We’ve seen a ton of LEED Platinum homes on this site, but today’s home achieves something new. USGBC founder David Gottfried and his family recently finished the green renovation of their 1440 square foot Craftsman bungalow, a home that was originally built in 1915, and took it through the LEED for Homes certification process. In doing so, they received a total of 106.5 points (out of a total 136) and the noteworthy accomplishment of being the highest-scoring green home renovation since LEED-H launched earlier this year. The Platinum home is designed to be net-zero energy and utilizes technology such as solar photovoltaics and a solar- and hydronic-powered water heating system.
Last summer, it was the ceramic rod curtain wall. Now, it’s the lighting system. Various green aspects of the New York Times Building continue to make high profile news and it’s only been a year since the modern building opened. Here’s the deal: The Times Company installed Lutron’s Quantum solution, a total light management system that includes daylight, occupant, target set point, time clock, and emergency lighting controls. Although the building was originally designed to use approximately 1.28 watts per sf of lighting power, with the Lutron technology, it’s actually using only 0.38 watts per sf of lighting power — a 70% reduction in lighting use. That means, based on New York City electric rates, they’re saving ~$315,500 and preventing the emission of 1,250 metric tons of CO2 annually. These are some serious numbers. Here’s where they recognized the most in terms of lighting energy savings:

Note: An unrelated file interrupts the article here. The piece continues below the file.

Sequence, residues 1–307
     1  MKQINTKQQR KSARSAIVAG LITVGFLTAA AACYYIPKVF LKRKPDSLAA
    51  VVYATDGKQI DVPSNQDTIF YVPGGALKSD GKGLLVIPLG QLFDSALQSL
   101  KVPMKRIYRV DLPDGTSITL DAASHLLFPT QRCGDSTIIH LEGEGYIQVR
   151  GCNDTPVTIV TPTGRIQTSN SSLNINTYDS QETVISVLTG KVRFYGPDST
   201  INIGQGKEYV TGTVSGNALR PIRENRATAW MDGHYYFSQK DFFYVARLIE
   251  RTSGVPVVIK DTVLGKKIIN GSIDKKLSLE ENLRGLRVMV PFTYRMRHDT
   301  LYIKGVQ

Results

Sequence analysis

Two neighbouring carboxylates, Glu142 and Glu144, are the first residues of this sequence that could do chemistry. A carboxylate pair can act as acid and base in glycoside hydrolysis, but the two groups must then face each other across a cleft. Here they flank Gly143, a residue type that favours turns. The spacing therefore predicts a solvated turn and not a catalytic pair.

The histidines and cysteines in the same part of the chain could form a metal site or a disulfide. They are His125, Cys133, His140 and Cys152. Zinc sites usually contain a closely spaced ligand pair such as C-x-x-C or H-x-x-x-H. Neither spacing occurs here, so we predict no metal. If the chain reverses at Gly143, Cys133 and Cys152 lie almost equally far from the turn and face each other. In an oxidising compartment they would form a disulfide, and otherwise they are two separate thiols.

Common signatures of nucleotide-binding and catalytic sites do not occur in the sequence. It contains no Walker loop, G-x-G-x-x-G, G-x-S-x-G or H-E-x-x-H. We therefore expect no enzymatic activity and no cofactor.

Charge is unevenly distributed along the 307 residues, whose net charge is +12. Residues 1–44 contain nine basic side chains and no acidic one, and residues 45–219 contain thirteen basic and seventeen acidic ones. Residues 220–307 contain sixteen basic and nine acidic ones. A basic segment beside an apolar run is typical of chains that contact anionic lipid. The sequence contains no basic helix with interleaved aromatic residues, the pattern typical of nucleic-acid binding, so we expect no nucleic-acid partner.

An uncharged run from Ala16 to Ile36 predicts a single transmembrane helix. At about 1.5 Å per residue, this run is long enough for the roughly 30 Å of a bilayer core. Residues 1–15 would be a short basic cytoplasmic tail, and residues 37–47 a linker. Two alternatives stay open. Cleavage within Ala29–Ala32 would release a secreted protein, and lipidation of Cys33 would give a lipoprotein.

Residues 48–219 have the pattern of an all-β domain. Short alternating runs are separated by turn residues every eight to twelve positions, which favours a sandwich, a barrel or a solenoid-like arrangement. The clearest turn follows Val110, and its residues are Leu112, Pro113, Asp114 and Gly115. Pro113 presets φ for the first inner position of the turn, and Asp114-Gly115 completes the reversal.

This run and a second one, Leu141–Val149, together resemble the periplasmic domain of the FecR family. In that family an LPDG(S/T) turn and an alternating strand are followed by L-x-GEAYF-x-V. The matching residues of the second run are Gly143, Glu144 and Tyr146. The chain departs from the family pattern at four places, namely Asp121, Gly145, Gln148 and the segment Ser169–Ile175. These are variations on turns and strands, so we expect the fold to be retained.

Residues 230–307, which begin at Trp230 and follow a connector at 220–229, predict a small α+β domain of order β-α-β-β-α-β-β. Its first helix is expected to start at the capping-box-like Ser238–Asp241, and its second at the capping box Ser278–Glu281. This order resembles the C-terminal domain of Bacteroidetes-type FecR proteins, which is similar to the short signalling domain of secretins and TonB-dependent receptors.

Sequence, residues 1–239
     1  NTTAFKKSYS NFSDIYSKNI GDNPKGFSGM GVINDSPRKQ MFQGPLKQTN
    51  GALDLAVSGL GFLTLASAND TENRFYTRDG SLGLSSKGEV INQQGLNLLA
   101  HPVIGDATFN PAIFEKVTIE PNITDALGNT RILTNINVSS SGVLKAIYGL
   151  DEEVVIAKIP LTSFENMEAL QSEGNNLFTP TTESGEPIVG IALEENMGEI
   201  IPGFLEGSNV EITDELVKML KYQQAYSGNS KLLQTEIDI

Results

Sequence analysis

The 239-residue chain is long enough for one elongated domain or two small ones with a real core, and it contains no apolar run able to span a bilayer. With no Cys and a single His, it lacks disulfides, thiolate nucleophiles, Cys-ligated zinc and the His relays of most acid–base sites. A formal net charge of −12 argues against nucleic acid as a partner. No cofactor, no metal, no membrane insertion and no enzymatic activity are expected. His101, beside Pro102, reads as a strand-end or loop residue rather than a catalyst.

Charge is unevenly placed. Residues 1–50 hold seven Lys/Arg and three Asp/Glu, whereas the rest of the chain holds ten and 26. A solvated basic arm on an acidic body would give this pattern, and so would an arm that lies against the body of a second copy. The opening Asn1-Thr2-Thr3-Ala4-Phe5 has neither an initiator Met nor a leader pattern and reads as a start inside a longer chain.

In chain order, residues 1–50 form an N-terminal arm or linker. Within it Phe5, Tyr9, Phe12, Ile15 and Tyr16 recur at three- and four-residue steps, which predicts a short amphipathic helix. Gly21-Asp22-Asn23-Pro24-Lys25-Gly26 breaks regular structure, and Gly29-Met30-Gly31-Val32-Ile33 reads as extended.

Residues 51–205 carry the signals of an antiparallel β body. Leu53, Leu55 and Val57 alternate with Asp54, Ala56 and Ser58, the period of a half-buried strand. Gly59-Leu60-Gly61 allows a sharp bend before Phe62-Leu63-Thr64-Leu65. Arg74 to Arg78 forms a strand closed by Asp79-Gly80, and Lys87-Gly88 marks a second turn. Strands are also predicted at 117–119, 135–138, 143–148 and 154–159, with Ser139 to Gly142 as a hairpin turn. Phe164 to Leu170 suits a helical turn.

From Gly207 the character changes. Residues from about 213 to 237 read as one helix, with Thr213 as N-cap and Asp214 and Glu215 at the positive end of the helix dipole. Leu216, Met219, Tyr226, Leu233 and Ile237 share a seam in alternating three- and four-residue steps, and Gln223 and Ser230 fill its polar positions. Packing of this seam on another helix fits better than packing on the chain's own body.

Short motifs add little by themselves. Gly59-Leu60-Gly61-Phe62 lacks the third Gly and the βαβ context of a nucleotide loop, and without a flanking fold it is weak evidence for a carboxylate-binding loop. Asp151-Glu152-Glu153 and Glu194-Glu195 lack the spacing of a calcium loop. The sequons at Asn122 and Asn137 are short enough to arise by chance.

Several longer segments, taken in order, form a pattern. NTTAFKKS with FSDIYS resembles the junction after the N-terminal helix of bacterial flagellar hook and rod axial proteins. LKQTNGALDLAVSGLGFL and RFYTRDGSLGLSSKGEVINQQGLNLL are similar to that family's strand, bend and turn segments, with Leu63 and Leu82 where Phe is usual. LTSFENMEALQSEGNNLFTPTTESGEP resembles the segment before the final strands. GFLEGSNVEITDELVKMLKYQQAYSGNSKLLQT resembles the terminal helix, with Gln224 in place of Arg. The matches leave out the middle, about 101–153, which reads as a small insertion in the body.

Well, if you didn’t have a reason to visit Las Vegas in January 2009, maybe we could give you one now. Builder is teaming up with LivingHomes and KieranTimberlake to place this beautiful, green prefab on the exhibit floor of the Las Vegas Convention Center at the International Builders’ Show (IBS) 2009. The modern 2000 sf prefab will be built with steel-wood modules and an abundant list of sustainable materials. Its ostensible purpose, I believe, is to show the industry that modular construction can be financially accessible, sustainable, and optimal for eliminating construction waste and debris.
Check out these modern green town homes being developed by Yolande Nicholson called Nzinga Town Homes. Designed by Garrison Architects (the same firm that brought you the Tread Lightly House), each Nzinga Town Home residence consists of 2900 total square feet with 2000 sf of living space and 900 sf for a separate apartment space. The homes are open, airy, and abundant with natural light, but if you’re looking for a little privacy, the vertical trellis work seems just right for a green wall and some natural shading.